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SAMUEL JOHNSON (A/K/A DR. JOHNSON) ("THE GREAT CHAM OF LITERATURE")
English author and lexicographer
(1709 - 1784)
  CHECK READING LIST (5)    << Prev Page    Displaying page 29 of 37    Next Page >> 

Was there ever anything written by mere man that was wished longer by its readers, excepting Don Quixote, Robinson Crusoe and the Pilgrim's Progress?
      - [Brevity]

Waste cannot be accurately told, though we are sensible how destructive it is. Economy, on the one hand, by which a certain income is made to maintain a man genteelly; and waste, on the other, by which on the same income another man lives shabbily, cannot be defined. It is a very nice thing; as one man wears his coat out much sooner than another, we cannot tell how.
      - [Waste]

Wasting a fortune is evaporation by a thousand imperceptible means.
      - [Waste]

We all live in the hope of pleasing somebody; and the pleasure of pleasing ought to be greatest, and always will be greatest, when our endeavors are exerted in consequence of our duty.
      - [Pleasing]

We are all prompted by the same motives, all deceived by the same fallacies, all animated by hope, obstructed by danger, entangled by desire, and seduced by pleasure.
      - [Humanity]

We are easily shocked by crimes which appear at once in their full magnitude; but the gradual growth of our wickedness, endeared by interest and palliated by all the artifices of self-deceit, gives us time to form distinctions in our favor.
      - [Crime]

We are not here to sell a parcel of boilers and vats, but the potentiality of growing rich beyond the dreams of avarice.
      - remark on the sale of Thrale's Brewery, 1781
        [Wealth]

We consider ourselves as defective in memory, either because we remember less than we desire, or less than we suppose others to remember.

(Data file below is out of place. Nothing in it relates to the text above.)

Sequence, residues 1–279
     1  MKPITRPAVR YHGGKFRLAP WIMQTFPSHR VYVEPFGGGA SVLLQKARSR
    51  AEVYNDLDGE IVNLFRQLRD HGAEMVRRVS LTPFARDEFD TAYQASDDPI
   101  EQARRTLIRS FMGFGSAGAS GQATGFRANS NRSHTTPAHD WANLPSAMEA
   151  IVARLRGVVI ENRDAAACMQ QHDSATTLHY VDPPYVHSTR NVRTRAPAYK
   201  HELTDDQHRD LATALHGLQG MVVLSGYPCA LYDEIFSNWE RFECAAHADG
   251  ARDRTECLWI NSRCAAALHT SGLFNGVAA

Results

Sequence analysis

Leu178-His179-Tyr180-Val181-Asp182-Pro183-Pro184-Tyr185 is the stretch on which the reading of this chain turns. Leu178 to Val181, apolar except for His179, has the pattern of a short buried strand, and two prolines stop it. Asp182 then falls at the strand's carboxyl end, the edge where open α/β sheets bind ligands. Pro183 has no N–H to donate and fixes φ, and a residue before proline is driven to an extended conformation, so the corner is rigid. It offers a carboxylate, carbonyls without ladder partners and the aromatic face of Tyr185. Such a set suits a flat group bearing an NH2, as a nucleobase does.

- [Memory]

We frequently fall into error and folly, not because the true principles of action are not known, but because for a time they are not remembered; he may, therefore, justly be numbered among the benefactors of mankind who contracts the great rules of life into short sentences that may early be impressed on the memory, and taught by frequent recollection to occur habitually to the mind.
      - [Proverbs (General)]

We have always pretensions to fame which, in our own hearts, we know to be disputable.
      - [Vanity]

We have now learned that rashness and imprudence will not be deterred from taking credit; let us try whether fraud and avarice may be more easily restrained from giving it.
      - [Credit]

We love to expect, and when expectation is either disappointed or gratified, we want to be again expecting.
      - [Expectation]

We may have many acquaintances, but we can have but few friends; this made Aristotle say that he that hath many friends hath none.
      - [Friendship]

We must consider how very little history there is--I mean real, authentic history. That certain kings reigned and certain battles were fought, we can depend upon as true; but all the coloring, all the philosophy, of history is conjecture.
      - [History]

We seldom require more to the happiness of the present hour than to surpass him that stands next before us.
      - [Happiness]

Wealth is nothing in itself; it is not useful but when it departs from us.
      - [Wealth]

Were a man not to marry a second time, it might be concluded that his first wife had given him a disgust for marriage; but by taking a second wife he pays the highest compliment to the first by showing that she made him so happy as a married man that he wishes to be so a second time.
      - [Marriage]

Were it not for imagination, sir, a man would be as happy in the arms of a chambermaid as of a duchess.
      - [Imagination]

What ills from beauty spring.
      - [Beauty]

What is easy is seldom excellent.
      - [Ease]

What is good only because it pleases cannot be pronounced good till it has been found to please.
      - [Goodness]

What is said upon a subject is gathered from an hundred people.
      - [Quotations]

What is written without effort is in general read without pleasure.
      - [Reading]

What we hope ever to do with ease, we must learn first to do with diligence.
      - [Diligence]

Whatever advantage we snatch beyond a certain portion allotted us by at nature, is like money spent before it is due, which, at the time of regular payment, will be missed and regretted.
      - [Anticipation]


Displaying page 29 of 37 for this author:   << Prev  Next >>  1 2 3 4 5 6 7 8 9 10 11 12 13 14 15 16 17 18 19 20 21 22 23 24 25 26 27 28 [29] 30 31 32 33 34 35 36 37

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